the 38a Air Assault Brigade of the Guards, stationed in Brest;
the 103a Airborne Guards Brigade, stationed in Vitebsk;
the 33th Spetsnaz Detachment of Guards, stationed in Vitebsk;
the 5a Spetsnaz Brigade, stationed in Mariyna Gorka;
the Detachment for Special Jobs of the 5a Spetsnaz Brigade (also known as "the Company of Officers" because it is made up of officers only), stationed in Mariyna Gorka;
the 527th Spetsnaz Company, stationed in Grodno;
the 22th Spetsnaz Company, stationed in Grodno;
the 742th Field Communication Center, based in Kolodishi;
the 91th Separate Guard Battaglia, stationed in Minsk.
Despite their undoubted qualities, the Special Forces alone are not enough to raise the evaluation of the Belarusian Armed Forces as a whole, which remains strongly negative. According to various analyzes and intelligence reports drawn up both in NATO headquarters and in the Russian Federation, the Belarusian Armed Forces as a whole are in a phase of terminal decay: they are no longer a source of pride but of alienation for the Belarusian population, not they are no longer able to integrate conscripts into the fabric of the nation but generate the exact opposite and, technically, they are unable to effectively support the Security Forces if truly serious internal or external challenges arise to the stability of the Lukashenko regime.
Although on the propaganda side, Lukashenko continually demonstrates the "solidity" of his "steel fist" and does not disdain to attend military parades and maneuvers by wearing from time to time curious uniforms designed for his personal use and consumption, the objective reality on the ground it is very different. Corruption, alcoholism, indiscipline, general incompetence and, above all, the widespread phenomenon of "dedovshchina" (what in Italy is called "hazing") are literally undermining the institution from the depths to the point of questioning its long-term survival. By way of example, it will suffice to recall that according to official data from the Ministry of Defense of the Republic of Belarus, 49% of the young officers baked by military academies between 2011 and 2015 decided to leave the Armed Forces well before the end of their contract of enlistment while out of about 500 who managed to end the contract period, only 59 opted to remain in service afterwards; everyone else literally got "lost along the way", horrified by the situation they found while on duty.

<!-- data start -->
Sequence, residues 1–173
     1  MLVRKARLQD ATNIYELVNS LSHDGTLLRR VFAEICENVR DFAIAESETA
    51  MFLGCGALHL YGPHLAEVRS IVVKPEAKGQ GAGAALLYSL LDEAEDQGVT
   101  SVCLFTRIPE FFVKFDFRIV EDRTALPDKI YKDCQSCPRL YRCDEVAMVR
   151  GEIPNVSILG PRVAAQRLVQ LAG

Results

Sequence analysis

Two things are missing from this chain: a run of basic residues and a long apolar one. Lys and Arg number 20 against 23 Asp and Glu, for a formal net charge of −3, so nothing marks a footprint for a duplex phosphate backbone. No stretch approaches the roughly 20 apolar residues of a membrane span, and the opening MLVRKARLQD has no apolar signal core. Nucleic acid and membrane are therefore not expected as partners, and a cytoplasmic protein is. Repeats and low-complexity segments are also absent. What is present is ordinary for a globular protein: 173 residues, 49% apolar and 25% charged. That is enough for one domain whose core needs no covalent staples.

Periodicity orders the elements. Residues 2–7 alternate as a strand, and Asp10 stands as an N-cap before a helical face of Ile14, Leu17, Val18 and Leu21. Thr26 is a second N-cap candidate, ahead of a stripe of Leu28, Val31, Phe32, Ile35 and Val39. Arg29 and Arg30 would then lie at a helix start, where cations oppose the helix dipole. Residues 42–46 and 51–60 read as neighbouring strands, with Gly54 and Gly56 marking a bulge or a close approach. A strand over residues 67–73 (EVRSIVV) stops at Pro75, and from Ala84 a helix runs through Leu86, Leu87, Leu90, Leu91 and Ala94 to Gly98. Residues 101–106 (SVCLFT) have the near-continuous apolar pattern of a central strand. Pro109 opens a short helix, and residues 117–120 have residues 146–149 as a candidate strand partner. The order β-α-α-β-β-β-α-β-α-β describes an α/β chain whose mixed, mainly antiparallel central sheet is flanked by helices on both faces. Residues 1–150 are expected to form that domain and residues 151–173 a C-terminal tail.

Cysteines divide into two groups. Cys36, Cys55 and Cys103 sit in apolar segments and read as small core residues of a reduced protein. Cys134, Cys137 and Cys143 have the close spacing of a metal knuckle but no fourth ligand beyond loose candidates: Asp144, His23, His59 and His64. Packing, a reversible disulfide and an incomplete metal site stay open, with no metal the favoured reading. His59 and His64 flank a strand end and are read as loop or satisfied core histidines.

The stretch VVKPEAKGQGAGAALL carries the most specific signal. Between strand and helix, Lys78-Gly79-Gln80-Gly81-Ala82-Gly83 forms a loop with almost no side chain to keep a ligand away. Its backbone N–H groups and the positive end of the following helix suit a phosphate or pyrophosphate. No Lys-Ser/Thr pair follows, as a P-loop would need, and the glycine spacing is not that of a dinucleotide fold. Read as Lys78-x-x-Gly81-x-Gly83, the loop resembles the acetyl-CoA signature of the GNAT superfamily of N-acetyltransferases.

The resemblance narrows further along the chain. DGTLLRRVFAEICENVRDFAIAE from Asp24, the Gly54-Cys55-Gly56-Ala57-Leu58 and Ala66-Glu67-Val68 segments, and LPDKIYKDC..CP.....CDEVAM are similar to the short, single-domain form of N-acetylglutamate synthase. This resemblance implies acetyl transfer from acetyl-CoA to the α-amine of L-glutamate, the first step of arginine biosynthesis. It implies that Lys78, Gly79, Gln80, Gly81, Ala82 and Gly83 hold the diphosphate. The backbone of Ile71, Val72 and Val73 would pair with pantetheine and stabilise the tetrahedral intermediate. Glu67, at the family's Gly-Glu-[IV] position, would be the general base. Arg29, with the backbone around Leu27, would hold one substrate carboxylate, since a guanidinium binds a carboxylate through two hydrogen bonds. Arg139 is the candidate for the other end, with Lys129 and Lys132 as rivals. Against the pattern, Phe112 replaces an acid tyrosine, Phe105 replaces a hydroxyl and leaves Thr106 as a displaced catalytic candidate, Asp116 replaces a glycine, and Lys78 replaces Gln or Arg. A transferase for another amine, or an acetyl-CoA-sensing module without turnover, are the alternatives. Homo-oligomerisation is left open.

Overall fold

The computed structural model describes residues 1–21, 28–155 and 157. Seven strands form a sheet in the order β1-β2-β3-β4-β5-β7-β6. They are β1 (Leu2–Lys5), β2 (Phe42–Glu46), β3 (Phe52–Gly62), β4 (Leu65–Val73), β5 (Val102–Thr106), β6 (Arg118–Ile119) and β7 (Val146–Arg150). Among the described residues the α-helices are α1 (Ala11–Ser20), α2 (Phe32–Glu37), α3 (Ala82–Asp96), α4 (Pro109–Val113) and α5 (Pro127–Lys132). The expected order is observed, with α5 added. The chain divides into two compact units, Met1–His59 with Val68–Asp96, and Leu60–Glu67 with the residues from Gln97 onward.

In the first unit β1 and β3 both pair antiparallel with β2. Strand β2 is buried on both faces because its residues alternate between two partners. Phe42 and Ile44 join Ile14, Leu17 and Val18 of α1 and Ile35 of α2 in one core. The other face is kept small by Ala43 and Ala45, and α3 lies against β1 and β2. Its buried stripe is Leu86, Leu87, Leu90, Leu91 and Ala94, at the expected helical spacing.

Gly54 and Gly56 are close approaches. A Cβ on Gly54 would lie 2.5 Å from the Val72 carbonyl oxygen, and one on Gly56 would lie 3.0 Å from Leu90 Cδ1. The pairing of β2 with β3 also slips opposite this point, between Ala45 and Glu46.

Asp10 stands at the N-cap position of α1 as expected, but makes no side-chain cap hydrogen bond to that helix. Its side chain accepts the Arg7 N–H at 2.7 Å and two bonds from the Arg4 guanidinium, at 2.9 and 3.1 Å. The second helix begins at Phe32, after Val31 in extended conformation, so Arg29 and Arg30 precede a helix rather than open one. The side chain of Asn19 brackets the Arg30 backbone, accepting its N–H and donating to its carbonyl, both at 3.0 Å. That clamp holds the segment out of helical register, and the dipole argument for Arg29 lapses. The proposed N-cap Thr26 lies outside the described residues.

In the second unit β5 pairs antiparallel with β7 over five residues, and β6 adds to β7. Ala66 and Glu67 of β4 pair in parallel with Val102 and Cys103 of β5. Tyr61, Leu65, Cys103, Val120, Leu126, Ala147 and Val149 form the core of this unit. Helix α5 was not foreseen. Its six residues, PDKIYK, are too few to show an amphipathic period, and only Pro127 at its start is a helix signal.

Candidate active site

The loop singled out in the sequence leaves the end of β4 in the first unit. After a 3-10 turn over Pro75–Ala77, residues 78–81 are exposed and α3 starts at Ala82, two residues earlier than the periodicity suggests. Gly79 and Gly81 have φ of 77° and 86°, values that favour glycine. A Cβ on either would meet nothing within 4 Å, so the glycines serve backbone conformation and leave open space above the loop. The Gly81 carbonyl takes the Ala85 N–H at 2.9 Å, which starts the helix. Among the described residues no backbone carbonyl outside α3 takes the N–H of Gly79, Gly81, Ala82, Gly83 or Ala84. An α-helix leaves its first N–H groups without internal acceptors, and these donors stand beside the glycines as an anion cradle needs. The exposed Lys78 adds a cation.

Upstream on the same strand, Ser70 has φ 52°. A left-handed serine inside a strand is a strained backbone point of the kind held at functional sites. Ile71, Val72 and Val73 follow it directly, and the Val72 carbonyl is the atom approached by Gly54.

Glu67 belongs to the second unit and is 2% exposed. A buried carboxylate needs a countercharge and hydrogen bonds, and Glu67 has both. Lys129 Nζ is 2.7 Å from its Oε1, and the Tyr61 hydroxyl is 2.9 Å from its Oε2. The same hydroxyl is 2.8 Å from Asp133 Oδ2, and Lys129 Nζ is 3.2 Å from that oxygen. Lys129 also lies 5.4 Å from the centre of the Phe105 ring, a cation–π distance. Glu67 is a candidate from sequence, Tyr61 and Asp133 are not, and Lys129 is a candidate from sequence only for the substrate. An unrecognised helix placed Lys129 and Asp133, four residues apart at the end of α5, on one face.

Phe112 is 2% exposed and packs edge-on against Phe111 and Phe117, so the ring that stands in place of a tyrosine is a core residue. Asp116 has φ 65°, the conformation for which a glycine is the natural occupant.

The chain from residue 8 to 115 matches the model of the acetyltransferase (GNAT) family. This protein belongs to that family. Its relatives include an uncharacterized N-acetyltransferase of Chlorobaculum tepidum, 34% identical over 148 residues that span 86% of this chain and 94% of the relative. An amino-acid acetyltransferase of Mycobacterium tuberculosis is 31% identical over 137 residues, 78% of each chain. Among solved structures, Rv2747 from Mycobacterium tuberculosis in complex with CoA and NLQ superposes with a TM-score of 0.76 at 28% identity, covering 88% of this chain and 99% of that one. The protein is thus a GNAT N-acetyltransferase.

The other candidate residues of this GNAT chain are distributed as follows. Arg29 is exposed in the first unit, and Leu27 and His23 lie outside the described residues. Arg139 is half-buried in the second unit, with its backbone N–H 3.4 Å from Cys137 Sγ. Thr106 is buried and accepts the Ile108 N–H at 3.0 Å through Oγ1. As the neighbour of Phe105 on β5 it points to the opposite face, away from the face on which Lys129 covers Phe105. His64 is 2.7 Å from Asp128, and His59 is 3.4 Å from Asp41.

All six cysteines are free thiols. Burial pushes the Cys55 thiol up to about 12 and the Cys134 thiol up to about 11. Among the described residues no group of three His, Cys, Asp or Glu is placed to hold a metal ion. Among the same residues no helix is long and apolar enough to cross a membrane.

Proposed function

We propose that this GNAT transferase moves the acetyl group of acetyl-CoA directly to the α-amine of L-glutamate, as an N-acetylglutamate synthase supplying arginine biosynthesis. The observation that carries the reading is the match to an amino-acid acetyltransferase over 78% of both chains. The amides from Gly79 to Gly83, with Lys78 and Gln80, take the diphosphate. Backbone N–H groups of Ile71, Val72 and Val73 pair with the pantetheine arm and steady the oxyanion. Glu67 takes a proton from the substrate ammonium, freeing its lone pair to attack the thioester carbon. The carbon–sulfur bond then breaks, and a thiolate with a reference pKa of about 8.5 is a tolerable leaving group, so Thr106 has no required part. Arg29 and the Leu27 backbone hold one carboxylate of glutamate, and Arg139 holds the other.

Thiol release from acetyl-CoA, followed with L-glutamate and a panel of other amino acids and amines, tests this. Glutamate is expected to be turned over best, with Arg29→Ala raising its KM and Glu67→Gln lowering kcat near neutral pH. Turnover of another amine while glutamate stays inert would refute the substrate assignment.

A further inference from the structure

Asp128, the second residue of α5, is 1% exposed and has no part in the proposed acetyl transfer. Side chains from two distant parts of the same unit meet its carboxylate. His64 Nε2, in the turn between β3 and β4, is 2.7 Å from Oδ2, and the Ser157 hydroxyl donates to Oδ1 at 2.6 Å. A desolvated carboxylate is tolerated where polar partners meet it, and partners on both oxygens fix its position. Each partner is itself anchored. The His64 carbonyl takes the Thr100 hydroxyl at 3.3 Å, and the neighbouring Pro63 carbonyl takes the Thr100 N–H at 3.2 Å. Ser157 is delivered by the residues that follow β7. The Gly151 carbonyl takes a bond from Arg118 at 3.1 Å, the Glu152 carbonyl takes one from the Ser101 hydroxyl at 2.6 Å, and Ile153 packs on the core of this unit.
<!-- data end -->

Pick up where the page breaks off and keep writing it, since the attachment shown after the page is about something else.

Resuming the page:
Even the national media are now continuously filtering reports concerning the ill-treatment suffered by soldiers and subordinate officers and the continuing failure of the high command to punish those responsible, even in extreme cases in which such actions result in the death of soldiers. The interesting thing is that in Belarus, as practically everywhere in the world, young students of military schools and academies come largely from families with a wealth of experience in the service of the homeland that has lasted for decades. The fact that they have decided to leave the institution en masse speaks volumes about the deterioration of the institution, and even the Ministry of Internal Affairs in an official note stated that the number of crimes committed in the military is "unprecedented" and " gets worse from year to year ".